Fifteen years ago my partner was into reading books, many books: mysteries, trendy novels, science fiction, trash novels, poetry, prize-winning novels. She’d finish one she liked and pass it across the bed.
“Try this, I really enjoyed it.”
I’d read a few pages and then stack it on the floor.
“That’s it? You read a dozen pages and you’re done?”
Yes, I’d tell her, that writer seemed to have an intriguing plot going but it didn’t hold me for long. Or I’d enjoy the dialogue for a few pages, but I wanted more. Or the characters were likeable at first but eventually I couldn’t relate. The pile of books at my side of the bed got large.
I was more involved with writing from the workshops than with published work. That didn’t seem right, so I surveyed book stores and asked other writers who read a lot. Of course there was, and is now, a wide variety of adroit, competent writing out there. My partner had shown me a broad sample. Still I was more interested in the workshops’ efforts.
“What about this one, should I hand it to you?” My partner had finished another well-loved novel. “Or just throw it on the pile?”
I couldn’t broadcast my prejudice, though, since I need to look appreciative for people interested in workshops. I learned to say something intelligent about current writers, especially those with cache, at the time Alice Monroe and Tobias Woolf. Or, if the questioner leaned toward classics, I’d mention Tillie Olsen or J.D. Salinger or Flannery O’Conner or Charles Bukowski.
What’s going on? I remembered something an alert reader had observed in the 1970s. He said enduring work has “muscle in the ectoplasm.” Maybe that’s the angle, for my first models were Alden Van Buskirk, early John Wieners and Michael McClure, when I was protege to the Beats during 1962-1967 in New York. Add Sappho, Simonides, Rumi, Shakespeare, Keats, Elliot, Virginia Woolf, and Marge Piercy, and there’s plenty of muscle. That muscle comes from deep personal commitment.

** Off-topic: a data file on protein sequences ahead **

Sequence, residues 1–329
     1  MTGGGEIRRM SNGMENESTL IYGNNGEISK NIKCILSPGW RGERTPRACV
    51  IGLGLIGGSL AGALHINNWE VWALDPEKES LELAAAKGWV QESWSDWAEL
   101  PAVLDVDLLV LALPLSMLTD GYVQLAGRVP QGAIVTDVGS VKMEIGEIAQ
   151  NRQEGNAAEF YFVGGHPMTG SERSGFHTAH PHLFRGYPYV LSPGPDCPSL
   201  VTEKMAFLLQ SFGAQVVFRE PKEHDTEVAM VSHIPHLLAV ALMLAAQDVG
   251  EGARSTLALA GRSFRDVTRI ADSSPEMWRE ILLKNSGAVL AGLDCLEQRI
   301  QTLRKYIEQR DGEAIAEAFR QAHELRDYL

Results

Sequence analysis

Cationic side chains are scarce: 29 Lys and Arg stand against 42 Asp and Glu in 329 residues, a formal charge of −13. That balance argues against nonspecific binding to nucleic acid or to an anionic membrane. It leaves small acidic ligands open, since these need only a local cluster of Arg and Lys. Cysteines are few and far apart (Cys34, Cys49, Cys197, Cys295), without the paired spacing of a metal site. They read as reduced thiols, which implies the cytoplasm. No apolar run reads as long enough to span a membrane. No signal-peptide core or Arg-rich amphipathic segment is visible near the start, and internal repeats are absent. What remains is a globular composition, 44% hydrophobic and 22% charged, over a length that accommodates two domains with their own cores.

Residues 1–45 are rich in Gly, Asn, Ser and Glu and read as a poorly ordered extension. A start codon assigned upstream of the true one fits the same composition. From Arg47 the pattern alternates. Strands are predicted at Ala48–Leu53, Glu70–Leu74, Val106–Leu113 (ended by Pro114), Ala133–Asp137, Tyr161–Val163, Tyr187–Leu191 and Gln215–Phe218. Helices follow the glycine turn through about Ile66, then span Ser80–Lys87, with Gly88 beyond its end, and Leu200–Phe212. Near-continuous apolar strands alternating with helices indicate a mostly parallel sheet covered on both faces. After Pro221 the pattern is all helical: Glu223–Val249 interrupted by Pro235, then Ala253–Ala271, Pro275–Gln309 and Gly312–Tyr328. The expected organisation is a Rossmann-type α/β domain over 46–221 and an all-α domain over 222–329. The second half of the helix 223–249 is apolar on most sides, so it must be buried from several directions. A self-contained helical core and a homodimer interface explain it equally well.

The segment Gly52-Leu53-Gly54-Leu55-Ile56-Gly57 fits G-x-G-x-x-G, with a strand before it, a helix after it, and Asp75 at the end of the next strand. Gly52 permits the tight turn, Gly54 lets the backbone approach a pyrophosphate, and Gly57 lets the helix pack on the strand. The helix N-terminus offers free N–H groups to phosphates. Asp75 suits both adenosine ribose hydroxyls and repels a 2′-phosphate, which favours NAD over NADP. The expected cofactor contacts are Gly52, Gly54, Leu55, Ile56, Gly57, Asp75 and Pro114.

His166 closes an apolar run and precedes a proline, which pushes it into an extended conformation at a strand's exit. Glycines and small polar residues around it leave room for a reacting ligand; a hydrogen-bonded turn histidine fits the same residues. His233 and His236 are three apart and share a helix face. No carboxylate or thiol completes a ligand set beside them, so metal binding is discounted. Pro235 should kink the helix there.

But this doesn’t explain why workshop writing appeals so much. Do our writers all happen to be great, just undiscovered? Does my personal esthetic seep into the air and into their heads, and we have a class full of Shakespeares? Are we part of Dorothea Brande’s university of the unconscious, and the writers somehow teach themselves?
Not a chance. Truth be told, I have no idea how it happens, and no idea how to introduce muscle. I think the only answer can be that our strategy, with its focus on the creative unconscious, directs us little by little to a barrier we can’t easily cross. We follow the restlessness in our psyches, or the itch in our bodies, and we come to a place where personal issues weave into the characters and into the plot. And, to continue, we have to develop a lot of strength. We have to solve problems.
I haven’t any idea how to teach this. In the workshops, we listen to the journey and support the writer. There’s nothing to do but say, writer, you put yourself there, now it’s your fight. Good luck.
“Yeah, Honey, just throw that book directly in the pile. It doesn’t need me to turn pages.”
I want to feel the tug-of-war as the author grapples with a serious problem. Work out, author! Like writers in the workshops.